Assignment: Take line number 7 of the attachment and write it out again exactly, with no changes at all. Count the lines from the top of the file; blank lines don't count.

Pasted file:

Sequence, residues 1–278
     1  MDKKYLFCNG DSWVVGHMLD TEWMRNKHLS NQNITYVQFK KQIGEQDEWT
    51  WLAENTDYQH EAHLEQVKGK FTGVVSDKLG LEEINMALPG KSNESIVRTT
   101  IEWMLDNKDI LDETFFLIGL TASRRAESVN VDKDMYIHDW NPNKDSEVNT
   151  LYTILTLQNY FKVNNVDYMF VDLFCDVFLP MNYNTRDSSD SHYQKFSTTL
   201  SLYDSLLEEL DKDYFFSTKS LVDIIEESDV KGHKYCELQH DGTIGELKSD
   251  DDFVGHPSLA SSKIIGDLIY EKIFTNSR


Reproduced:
   251  DDFVGHPSLA SSKIIGDLIY EKIFTNSR